Thursday, October 05, 2006

On Polls' Methods, Bloggers' Methods, and other nefarious means of prediction

There's a beautiful article in today's National Post entitled "Rae, the Liberal Front-Runner?", which echoes sentiments heard in the blogosphere for a few days. The article kicks the metaphorical stuffing out of professional pollsters' predictions, such as Dryden being the leader, Rae being the leader, and Ignatieff being down in 3rd place.

By contrast, most bloggers' predictions were much more on the mark. Some were flippant guesses. Others were exceedingly well reasoned (e.g. Greg's at But virtually all of them got the basics right: Ignatieff in the lead in the high 20's; Rae, Kennedy, and Dion in the 10-20% range, not too far apart; everyone else a distant fourth. They might have got things wrong in terms of the degree (e.g. underestimating Ignatieff and Dion, overestimating Brison), but they were certainly much more correct that the professional pollsters' predictions.

Now, there's nothing wrong necessarily with the pollsters' predictions. The problem is one of interpretation. Ken Dryden may be the most popular and electable of the Liberal leadership candidates; that poll was probably completely correct. But that electability and popularity completely failed to translate into votes on the ground because it ignores reality and how the DSMs actually work.

Had the DSMs simply been a strawpoll of all Liberal members, maybe Dryden would be in the lead (and I'm not even sure of this, as I point out below). But it's not. DSMs involve having a large organizational team to identify and get the vote out, ex officios to build support, the money to send literature to your potential delegates and other voters, and more. Those are among the true measures of success at the DSMs. While candidate popularity is up there too (obviously), it's a necessary, but by no means a sufficient, condition for success.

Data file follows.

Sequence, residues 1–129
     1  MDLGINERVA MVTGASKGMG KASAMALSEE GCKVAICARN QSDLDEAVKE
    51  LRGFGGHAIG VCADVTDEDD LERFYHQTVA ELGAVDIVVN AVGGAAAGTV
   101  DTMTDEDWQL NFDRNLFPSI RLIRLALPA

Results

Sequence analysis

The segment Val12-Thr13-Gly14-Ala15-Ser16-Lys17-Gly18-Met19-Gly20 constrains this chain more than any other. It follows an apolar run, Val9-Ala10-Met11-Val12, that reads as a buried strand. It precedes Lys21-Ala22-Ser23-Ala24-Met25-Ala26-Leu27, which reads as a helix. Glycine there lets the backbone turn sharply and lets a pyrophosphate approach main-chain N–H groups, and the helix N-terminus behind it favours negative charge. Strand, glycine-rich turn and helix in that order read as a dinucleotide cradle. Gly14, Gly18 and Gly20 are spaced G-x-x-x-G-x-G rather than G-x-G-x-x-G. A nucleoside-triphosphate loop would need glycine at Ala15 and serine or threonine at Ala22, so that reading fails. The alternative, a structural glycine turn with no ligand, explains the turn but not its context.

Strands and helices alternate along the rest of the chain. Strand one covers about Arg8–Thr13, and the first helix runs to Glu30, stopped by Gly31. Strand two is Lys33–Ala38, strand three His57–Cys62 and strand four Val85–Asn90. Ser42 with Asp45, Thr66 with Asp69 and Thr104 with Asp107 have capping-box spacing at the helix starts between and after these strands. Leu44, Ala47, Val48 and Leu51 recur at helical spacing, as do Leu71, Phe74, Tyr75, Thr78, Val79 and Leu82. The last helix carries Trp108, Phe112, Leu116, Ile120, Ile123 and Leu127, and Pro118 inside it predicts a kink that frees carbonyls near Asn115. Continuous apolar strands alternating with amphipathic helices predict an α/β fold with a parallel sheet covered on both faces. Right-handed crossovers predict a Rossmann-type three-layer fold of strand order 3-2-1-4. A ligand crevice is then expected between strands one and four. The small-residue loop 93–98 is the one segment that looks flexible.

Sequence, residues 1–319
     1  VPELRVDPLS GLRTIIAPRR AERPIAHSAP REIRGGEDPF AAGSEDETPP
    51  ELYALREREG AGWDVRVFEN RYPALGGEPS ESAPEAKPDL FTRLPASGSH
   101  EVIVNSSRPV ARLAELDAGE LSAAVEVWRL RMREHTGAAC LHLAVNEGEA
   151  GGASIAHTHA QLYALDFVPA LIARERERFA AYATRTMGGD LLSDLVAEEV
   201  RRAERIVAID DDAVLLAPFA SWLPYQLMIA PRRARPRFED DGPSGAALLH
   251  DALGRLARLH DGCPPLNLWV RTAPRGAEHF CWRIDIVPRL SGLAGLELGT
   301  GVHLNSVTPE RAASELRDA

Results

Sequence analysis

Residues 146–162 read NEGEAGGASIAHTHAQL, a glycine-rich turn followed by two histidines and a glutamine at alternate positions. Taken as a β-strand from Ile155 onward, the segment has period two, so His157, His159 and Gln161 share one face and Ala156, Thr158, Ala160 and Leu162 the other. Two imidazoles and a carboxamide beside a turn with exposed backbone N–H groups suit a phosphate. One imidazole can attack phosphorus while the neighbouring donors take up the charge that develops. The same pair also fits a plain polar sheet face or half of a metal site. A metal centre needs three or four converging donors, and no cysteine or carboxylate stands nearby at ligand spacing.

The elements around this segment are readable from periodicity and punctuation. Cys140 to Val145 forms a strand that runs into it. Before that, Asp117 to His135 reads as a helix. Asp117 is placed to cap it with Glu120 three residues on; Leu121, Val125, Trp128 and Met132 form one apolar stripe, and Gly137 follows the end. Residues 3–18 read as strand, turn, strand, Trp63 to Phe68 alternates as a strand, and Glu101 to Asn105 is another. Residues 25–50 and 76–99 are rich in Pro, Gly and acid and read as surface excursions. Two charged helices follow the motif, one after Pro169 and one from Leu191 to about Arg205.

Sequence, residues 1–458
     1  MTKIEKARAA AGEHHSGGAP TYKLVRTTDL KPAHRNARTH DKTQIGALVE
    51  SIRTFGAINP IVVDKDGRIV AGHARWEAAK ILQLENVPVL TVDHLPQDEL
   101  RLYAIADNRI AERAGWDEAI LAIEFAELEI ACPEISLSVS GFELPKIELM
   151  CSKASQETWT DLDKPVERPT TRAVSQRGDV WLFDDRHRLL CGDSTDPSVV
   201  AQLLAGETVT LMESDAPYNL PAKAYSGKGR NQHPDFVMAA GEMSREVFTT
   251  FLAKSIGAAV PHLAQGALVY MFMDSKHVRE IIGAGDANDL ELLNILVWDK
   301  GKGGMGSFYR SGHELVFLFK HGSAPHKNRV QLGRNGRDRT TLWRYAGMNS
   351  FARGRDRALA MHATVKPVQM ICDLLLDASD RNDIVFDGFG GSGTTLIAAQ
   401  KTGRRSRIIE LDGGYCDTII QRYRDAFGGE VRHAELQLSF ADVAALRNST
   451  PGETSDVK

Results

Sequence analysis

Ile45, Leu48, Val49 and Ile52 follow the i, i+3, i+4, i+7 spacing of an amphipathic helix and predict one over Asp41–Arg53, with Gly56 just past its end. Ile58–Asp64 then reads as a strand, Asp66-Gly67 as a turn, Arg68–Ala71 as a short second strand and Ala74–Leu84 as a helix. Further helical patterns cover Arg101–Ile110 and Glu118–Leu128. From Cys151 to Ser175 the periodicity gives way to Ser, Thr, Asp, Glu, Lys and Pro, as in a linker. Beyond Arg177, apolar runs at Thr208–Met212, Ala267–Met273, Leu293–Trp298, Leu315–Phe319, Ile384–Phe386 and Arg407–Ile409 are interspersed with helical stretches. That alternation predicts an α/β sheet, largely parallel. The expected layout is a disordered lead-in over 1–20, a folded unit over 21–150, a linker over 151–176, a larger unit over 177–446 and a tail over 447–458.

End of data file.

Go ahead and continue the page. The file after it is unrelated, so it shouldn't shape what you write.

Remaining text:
But even if all those factors were irrelevant and it were more of a straw poll DSM, I'm still not convinced that Dryden could have come out on top. Individuals' responses in polls such as these often indicate their preference in an abstract ideal world. When push comes to shove, they might vote for a very different candidate, possibly for strategic reasons (i.e. their primary preference isn't for a candidate, it's against a candidate), possibly for perceptions of general electability, or possibly as a result of some kind of herd mentality phenomenon.

In any event, the point of the above is that while polls are useful indicators, those interpreting polls need to be careful not to attach too much significance to them or to read too much into them. Polls may show popularity, but this is only relevant for success in an election to the extent that sheer popularity is relevant.

Now, here's where I have a bone to pick with pollsters. The media and partisan bloggers will always pick up on a certain poll, for either the media value or to support their candidate, respectively. You'd expect some kind of spin or deliberate error to achieve those ends. And even if you didn't expect that, you might chalk up errors to a lack of understanding of what the polls are actually saying. But you should never expect that from professional pollsters. Insofar as some of them have used pre-DSM polling data to predict convention outcomes, they should feel ashamed of themselves, as that's just poor reasoning and use of statistics.

So, that's it for bashing pollsters and pointing out their limitations. Why did bloggers get it right?

Quite, frankly, bloggers got it right because they focused on process.

Most bloggers, in trying to determine DSM support, considered the factors which might lead to success, and came up with some formula based on these factors. These factors included membership sign-ups, ex-officio support, financial contributions, polls, and more. The weightings were somewhat arbitrary, but in the absence of PhD level research and econometric analysis, they were the best that could be expected.

Thus, the bloggers were successful because they asked, "what does it take to do well at the DSMs?", rather than just assuming it was a straight-up popularity contest.

This importance ascribed to process is something that professional pollsters and the media should pay attention to. Until they do, all the complex survey methodology, boostrapping, and asymptotic theory in the world can't save them.


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